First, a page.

A Frustrated US Consumer
It appears that GM is talking about cutting Saturn out of its plans. Yup, shutting down the one bright spot in their company. That's like cutting off your arm to save your finger. Except, you won't be saving your finger, because, well, it's still attached to your arm.
What does GM have with Saturn? It has a very loyal and passionate following (there are tons of Saturn enthusiast forums across the web). It has style... yes, cool cars. It has the potential of a money making product.
What doesn't it have? Profits. But that's not entirely Saturn's fault. They don't have a very large advertising budget and therefore people don't know a whole lot about what's out there. You've probably seen their recent car commercials, so maybe that's changing. And maybe they need to make some of their Saturn's in the US. Their Astra became uncompetitive here because of the dollar (it's made in Belgium). Since we're the largest auto market in the world, I find that surprising. And, they've sort of lost their way. They started making the 8 passenger Outlook SUV when their core market wasn't shopping for those. Saturn was started with the intention of keeping the product line low and delivering cost efficient, fuel efficient vehicles. An 8 passenger SUV doesn't fit the mold.
There's a lot that Saturn would need to do to succeed, but I have to say, I haven't even seen a cool car, like the Sky, come from a US automaker in quite a while. And if you think the PT Cruiser is cool, you're not welcome here anymore. While I admit that the Ford GT is sweet, any car that's $150K can be made cool, even by Ford.
Wednesday, December 10, 2008
On Thanksgiving (yes, this is a bit late), there was a great post on LifeHacker that discussed all things FireFox and the great add-ons/extensions (here) that can make your browser a pretty powerful tool. Sure, there are all the copy/paste, multiple tab, download helpers, memory managers, skin tweaks, document managers, and hundreds of other add-ons. And those are all great, but the one thing that consistently kills my user experience is having too many tabs open in my browser. It gobbles up memory like it's a job. And I always lose pages that I want to look at later, but not necessarily bookmark, because I'm constantly trying to conserve memory.
Bookmarking is great, I'll give it that. But how many times have you bookmarked stuff never to look for it again? Probably quite often. And since my memory likes to escape me from time to time, I like to have visual queues. Alas, here comes TooManyTabs. This is my favorite extension - and it's well worth it. Extensions are free for those who've never used them.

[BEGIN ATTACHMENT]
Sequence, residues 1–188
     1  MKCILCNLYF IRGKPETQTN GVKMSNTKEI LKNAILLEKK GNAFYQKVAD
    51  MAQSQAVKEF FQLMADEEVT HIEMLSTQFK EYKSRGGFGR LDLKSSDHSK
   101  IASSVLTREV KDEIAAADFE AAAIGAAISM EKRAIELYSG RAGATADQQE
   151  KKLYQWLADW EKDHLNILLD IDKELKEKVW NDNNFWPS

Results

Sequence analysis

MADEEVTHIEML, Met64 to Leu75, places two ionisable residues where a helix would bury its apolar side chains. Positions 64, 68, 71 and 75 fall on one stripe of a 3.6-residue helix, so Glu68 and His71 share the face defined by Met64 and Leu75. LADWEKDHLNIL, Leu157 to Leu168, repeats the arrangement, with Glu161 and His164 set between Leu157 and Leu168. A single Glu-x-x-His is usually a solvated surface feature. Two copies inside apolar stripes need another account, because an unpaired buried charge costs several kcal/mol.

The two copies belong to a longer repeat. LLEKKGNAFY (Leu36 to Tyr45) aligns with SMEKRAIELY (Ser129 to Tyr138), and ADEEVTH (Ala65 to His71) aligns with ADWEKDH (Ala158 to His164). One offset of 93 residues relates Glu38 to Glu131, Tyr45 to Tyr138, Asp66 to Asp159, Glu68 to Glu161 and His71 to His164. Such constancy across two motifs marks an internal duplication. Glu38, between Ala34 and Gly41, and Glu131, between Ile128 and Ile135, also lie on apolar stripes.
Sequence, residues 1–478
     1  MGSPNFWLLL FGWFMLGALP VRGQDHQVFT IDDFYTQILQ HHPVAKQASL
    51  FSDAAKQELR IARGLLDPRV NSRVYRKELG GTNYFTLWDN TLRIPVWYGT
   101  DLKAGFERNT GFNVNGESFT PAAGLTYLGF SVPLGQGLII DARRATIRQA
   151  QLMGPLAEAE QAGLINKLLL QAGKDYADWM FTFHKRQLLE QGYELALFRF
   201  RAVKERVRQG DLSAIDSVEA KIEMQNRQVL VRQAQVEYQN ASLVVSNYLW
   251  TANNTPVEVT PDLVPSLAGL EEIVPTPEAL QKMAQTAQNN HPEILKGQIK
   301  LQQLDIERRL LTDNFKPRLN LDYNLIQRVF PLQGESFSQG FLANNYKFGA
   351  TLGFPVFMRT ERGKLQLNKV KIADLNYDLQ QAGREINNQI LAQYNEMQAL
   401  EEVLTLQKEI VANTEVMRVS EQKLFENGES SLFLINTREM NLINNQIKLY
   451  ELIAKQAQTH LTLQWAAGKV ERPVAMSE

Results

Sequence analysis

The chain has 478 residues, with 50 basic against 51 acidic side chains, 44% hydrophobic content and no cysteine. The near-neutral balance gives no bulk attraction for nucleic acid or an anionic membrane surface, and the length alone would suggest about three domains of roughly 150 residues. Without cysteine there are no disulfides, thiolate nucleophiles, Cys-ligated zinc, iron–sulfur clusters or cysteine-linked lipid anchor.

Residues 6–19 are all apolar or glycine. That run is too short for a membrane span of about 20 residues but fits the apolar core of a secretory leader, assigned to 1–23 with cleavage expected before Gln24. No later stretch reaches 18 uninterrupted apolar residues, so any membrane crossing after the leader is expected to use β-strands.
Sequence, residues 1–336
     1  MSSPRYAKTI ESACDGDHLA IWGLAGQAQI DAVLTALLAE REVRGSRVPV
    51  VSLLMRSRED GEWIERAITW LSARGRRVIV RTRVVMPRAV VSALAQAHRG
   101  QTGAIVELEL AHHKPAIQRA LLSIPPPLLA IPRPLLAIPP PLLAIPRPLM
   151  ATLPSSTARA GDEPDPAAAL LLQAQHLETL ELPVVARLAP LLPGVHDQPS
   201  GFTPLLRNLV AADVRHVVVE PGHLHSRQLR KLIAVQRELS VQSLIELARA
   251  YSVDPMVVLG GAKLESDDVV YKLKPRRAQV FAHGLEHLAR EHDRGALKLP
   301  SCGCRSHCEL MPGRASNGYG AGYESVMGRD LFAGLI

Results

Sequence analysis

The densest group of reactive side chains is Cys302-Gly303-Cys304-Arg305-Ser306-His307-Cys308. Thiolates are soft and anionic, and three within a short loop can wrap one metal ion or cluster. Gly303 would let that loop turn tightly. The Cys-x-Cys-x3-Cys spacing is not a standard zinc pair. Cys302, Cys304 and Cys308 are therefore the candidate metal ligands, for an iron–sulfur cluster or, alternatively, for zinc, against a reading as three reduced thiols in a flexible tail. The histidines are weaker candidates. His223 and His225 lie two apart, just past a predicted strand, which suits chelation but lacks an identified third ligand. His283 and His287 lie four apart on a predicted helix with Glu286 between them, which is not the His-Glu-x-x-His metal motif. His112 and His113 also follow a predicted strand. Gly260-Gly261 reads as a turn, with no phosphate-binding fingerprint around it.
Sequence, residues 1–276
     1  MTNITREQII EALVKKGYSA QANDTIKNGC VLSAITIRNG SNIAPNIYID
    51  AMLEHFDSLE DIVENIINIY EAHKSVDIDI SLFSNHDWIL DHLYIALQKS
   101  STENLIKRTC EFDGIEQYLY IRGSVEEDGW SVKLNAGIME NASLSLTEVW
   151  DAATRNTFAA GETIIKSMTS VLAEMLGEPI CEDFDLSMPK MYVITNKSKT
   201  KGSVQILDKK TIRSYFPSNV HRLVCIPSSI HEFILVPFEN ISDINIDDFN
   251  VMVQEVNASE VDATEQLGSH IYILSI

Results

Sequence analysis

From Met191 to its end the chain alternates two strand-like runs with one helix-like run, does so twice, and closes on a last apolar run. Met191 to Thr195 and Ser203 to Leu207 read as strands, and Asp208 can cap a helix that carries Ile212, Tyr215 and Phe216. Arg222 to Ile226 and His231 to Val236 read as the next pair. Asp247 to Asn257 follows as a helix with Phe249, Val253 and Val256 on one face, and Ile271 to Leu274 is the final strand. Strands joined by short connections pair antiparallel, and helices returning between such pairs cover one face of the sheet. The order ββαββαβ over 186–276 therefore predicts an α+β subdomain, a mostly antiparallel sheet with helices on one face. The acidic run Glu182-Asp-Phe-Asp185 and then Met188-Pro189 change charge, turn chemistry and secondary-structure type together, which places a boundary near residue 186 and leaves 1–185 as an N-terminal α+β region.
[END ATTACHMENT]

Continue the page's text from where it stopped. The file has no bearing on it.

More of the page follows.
TooManyTabs (here). I'll leave the description to them:
TooManyTabs allows you to store up to over 50 tabs in multiple extra rows in your browser by a simple click. It saves your browser's space and memory as idle tabs are put aside. The extra rows also help to better prioritize and visualize your tabs.
I know you've been missing my "... Sucks" postings, so here you go. I decided to try two outsourcing services to get a side project done for our website. The big firm, oDesk, I've actually done some work for as a service provider. I wrote up some economic analysis of the G7. I think my macro professor, Andy Rose, would be proud. oDesk is a site with great usability and great design. It provides the ability for extensive project management and easy communication - along with a strong feedback model. Definitely best of breed. Then there's GetAFreelancer.com on the other end of the spectrum. I should have been skeptical, but it's been around for a while and there are tons of people who have successfully used the service, so I figured, why not give it a try? Their design is terrible and their feedback system leaves a lot to be desired.
I posted the job in both places and awaited the responses. I had quite a few in a short amount of time. There was quite a big price differential between the two. This was a small project, and GetAFreelancer sourced me some offers at almost half the price. I figured there wasn't much to lose using the service since you don't pay until your job is complete. Though you do have to deposit money on their site (through Paypal or several other ways)
The candidate on GetAFreelancer was incredibly responsive, answering emails several times a day for days on end. So I chose him and began the project. Well, it's now been 3 weeks and I haven't heard a peep from him since he won the job. He doesn't respond to emails and has pretty much disappeared.